Fred Pearce, writing for Yale e360:
The modernists wear their environmentalism with pride, but are pro-nuclear, pro-genetically modified crops, pro-megadams, pro-urbanization and pro-geoengineering of the planet to stave off climate change. They say they embrace these technologies not to conquer nature, like old-style 20th century modernists, but to give nature room. If we can do our business in a smaller part of the planet — through smarter, greener and more efficient technologies — then nature can have the rest.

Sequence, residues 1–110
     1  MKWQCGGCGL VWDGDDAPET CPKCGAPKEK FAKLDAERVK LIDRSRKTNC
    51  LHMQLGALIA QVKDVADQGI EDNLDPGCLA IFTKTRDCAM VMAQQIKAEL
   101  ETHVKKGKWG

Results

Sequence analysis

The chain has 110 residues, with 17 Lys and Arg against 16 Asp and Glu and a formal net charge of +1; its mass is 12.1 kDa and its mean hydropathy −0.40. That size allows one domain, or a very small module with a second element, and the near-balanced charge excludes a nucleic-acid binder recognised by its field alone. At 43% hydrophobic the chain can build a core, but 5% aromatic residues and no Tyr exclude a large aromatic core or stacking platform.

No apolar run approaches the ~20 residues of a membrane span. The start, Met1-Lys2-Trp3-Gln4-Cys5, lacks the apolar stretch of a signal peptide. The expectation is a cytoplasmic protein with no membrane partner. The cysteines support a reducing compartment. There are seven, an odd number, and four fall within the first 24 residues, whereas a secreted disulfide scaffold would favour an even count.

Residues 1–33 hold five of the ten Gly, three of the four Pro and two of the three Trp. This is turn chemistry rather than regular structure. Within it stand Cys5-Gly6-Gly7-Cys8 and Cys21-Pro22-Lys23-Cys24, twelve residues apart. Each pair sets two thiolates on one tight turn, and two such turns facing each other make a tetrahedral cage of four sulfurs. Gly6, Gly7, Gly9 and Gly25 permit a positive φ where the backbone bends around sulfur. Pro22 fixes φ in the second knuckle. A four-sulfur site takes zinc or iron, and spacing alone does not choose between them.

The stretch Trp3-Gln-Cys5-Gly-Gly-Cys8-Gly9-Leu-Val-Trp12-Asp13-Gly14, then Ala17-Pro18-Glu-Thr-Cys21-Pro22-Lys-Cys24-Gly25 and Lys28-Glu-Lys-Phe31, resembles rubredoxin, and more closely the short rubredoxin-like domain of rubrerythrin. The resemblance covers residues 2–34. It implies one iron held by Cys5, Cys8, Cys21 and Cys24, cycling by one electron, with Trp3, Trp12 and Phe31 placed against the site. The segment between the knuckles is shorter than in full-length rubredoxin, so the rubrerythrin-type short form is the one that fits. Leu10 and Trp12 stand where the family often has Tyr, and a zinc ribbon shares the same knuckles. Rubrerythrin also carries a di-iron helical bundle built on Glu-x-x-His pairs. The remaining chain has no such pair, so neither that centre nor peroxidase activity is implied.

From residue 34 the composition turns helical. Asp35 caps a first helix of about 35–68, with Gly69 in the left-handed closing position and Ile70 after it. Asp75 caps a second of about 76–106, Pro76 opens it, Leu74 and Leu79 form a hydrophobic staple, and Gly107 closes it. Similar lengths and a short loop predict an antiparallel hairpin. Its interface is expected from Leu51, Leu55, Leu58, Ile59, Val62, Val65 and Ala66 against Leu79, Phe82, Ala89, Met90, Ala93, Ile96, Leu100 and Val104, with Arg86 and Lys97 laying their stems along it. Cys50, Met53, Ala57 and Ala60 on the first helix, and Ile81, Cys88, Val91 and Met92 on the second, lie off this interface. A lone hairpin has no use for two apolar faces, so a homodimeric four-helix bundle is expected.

It’s hard to argue with that, but as Pearce goes on to point out, the line between modernists and “mainstream”—I would say “traditional”—environmentalists isn’t always that clear. He suggests that a healthy debate between the two would be illuminating, forcing us to question what we want and how we’ll get it.
I think there’s a third, unaddressed dimension here, one that doesn’t make for great copy but is an inevitability with such black-and-white cases: the reality will turn out to be something grayer. Perhaps I’m too much of a pragmatist, but I like to draw on both traditional and modern environmentalism. A bit of Thoreauvian inspiration to guide our Jobsian innovations.